E-SEM Characterization of Escherichia coli Biofilms Grown on Copper- and Silver-Alloyed Stainless Steels over a 48 -
McMullen, Amelia Marie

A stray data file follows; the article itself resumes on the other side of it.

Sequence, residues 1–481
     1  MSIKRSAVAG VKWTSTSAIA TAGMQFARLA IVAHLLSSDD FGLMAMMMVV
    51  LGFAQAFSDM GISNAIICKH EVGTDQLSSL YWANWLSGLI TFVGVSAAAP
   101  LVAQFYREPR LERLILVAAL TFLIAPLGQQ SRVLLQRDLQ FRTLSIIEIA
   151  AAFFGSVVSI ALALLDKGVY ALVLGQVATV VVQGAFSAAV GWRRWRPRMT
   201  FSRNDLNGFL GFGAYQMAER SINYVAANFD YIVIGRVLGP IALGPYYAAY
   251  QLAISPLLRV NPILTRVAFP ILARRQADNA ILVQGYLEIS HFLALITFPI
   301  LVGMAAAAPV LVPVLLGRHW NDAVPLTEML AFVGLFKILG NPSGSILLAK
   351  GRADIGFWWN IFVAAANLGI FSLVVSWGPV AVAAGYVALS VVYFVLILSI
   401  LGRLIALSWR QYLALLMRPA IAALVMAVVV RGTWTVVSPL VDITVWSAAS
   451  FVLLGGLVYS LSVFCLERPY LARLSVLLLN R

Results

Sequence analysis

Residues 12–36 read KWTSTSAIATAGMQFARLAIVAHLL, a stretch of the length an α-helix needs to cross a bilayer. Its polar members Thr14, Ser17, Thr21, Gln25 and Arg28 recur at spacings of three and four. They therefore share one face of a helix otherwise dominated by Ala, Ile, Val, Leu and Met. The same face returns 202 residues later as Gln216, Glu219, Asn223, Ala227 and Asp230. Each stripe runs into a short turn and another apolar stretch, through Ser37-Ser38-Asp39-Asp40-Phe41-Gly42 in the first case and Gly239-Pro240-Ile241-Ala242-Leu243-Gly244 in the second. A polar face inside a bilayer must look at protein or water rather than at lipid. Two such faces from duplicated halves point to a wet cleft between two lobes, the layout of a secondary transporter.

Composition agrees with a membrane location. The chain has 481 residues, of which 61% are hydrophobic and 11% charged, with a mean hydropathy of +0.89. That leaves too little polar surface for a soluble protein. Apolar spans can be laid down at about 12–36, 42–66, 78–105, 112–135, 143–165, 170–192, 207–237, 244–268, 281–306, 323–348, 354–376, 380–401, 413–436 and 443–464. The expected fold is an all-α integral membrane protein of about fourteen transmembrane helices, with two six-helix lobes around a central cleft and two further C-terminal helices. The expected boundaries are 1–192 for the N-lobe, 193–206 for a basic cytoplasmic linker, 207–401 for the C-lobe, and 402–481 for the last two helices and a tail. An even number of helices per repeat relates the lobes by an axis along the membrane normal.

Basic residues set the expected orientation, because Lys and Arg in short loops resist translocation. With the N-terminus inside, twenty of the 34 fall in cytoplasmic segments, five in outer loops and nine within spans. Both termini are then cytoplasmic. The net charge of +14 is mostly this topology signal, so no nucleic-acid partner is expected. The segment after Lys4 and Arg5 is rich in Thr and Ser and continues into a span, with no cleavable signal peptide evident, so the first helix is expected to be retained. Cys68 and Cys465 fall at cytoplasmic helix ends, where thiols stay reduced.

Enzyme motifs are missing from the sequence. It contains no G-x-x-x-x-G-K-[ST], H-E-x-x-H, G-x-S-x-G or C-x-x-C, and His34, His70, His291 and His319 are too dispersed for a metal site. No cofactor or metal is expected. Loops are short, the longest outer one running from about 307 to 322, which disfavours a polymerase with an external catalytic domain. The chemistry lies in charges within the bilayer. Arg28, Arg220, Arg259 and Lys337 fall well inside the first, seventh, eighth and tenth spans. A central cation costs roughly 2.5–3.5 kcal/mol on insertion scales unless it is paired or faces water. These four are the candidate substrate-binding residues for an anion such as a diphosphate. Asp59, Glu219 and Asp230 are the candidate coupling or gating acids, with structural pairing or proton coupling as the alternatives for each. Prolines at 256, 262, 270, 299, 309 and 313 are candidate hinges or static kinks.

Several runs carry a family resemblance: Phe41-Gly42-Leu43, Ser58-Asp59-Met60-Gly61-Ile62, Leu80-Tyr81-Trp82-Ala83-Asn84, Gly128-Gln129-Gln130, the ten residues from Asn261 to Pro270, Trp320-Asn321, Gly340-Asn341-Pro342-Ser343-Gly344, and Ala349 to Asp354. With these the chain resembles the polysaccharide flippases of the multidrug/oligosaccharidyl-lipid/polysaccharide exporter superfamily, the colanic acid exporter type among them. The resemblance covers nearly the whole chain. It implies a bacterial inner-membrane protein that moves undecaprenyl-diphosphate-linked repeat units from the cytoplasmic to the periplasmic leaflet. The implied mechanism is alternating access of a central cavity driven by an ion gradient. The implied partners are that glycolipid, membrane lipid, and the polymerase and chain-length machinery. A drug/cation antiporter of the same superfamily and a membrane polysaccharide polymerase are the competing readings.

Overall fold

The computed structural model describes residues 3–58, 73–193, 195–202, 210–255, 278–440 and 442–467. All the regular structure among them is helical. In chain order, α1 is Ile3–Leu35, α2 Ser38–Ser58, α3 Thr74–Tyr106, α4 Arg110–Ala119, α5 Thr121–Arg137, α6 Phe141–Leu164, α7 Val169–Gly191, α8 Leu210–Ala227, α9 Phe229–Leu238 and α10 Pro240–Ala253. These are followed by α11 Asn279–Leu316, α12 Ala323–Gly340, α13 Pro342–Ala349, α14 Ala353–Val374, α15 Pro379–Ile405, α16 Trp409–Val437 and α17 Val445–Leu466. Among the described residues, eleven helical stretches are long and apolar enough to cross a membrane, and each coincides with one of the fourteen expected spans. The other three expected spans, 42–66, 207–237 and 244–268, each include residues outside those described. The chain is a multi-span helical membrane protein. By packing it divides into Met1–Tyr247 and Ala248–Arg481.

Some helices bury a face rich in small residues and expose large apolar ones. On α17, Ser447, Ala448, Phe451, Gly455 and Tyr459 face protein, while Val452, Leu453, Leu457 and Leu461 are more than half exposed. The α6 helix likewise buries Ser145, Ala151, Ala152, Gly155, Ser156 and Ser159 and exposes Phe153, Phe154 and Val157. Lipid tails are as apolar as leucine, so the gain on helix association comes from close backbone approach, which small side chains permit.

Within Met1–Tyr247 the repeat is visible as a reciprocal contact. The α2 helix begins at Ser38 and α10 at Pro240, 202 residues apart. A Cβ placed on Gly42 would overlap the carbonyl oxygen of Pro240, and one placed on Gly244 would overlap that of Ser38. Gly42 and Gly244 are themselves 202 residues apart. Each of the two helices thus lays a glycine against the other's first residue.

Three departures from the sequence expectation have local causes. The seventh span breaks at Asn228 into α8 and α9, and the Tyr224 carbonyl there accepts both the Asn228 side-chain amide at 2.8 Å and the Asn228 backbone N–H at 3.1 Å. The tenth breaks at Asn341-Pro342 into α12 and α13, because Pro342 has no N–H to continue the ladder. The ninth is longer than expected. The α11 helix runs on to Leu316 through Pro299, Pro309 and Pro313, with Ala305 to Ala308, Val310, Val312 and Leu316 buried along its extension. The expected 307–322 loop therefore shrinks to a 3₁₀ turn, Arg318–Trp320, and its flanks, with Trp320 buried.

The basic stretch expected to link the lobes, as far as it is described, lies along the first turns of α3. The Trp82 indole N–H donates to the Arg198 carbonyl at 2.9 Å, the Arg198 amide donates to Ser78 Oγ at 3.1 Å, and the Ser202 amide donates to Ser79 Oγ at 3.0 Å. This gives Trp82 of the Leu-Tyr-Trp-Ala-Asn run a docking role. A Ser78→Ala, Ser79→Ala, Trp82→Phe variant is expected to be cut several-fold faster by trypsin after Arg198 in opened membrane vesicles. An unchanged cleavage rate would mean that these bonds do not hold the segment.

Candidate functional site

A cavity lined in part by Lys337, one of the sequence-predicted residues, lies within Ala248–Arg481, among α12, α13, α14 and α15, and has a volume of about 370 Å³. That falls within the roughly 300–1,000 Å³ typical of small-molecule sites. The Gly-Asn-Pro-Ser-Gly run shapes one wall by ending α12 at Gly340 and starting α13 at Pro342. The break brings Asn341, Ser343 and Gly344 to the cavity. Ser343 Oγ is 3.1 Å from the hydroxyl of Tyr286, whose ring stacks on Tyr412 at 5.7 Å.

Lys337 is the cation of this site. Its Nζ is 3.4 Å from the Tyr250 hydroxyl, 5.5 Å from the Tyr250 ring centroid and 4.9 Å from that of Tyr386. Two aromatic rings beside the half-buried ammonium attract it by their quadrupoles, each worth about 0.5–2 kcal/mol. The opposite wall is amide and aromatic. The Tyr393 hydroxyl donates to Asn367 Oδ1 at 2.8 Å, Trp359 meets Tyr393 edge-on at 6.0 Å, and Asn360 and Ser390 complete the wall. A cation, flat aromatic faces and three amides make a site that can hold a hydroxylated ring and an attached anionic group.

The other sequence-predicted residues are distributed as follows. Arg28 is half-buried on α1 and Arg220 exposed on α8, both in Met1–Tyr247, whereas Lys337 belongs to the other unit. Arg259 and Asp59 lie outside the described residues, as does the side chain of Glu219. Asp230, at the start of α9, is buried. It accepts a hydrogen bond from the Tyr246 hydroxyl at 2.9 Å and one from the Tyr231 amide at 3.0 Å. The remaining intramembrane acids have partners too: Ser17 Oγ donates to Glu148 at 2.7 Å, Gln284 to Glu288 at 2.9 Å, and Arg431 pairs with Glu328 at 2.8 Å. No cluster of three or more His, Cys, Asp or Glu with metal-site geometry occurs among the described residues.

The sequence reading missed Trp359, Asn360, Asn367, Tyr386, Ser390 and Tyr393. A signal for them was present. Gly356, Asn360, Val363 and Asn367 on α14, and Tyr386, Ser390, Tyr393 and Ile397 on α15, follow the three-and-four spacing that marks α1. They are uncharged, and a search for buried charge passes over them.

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The formation of bacterial biofilms on surfaces and their subsequent biofouling pose extensive safe and healthy concerns to a variety of industries. Biofilms are ubiquitous, and the biofilm state is considered the default mode of growth for the majority of the world's bacteria population. Once mature, biofilms are difficult to remove completely and have improved resistance against antibacterial agents. Given this, there has been significant interest to mitigate or at least manage biofilm formation on surfaces. One such method has been through the material design of surfaces, and to the interest of this study, through the development of antimicrobial stainless steels. Stainless steel is not an inherently antimicrobial material. Stainless steels alloyed with small amounts of either copper (Cu) or silver (Ag), both well-known natural antimicrobial agents, have been investigated since their initial development in the late 1990's onward. This class of materials have been proven to show significant antimicrobial effect over their traditional counterparts without compromising the characteristic mechanical properties of the stainless steels. However, most of the antimicrobial assessments for these materials documented within literature are conducted over a 24-hour timeframe and do not adequately account for the biofilm mode of growth. As so, this study aimed to assess how biofilms grow on this class of antimicrobial steels over a longer duration of growth and under growth conditions which more adequately modeled the biofilm mode of life. The same strain of Escherichia coli commonly used in antimicrobial surface testing, ATCC 8739, was grown on submicron-polished coupons of a ferritic Cu-alloyed stainless steel (1.50 wt. % Cu), an austenitic Ag-alloyed stainless steel (0.042wt. % Ag), and a standard 304 series stainless steel, used as a baseline. Following ASTM-E2647-13, the E. coli/SS coupons were grown using a drip flow bioreactor under low shear conditions at either ambient temperature or 37 ± 3 degrees C with a batch phase of 6 hours and a continuous phase of 48 hours up to 96 hours. Directly after harvesting, the coupons were analyzed with an Environmental Scanning Electron Microscope (E-SEM) under low vacuum with a water vapor environment. The effect of surface chemistry and alloy microstructure, surface roughness, rinsing the surfaces prior to inoculation and after harvesting, temperature, and growth duration on the resulting E. coli biofilms were all investigated in some capacity. Growth on the submicron finished surfaces indicated there were no significant differences between the biofilms grown on the three different steel compositions. Bacterial attachment appeared non-preferential to surface chemistry or alloy microstructure, suggesting that E. coli interacted with the surfaces effectively the same under the given growth conditions. To account for apparent randomness in bacterial attachment, it is hypothesized that the surface features of interest were on a size scale irrelevant to the size of single bacterial cells. To account for the lack of an observed biocidal effect from the Cu- and Ag-alloyed stainless steels, it is hypothesized that an organic conditioning film which developed on the surfaces from the fluid environment may have effectively inhibited the release of Cu and Ag ions from the steel surfaces.
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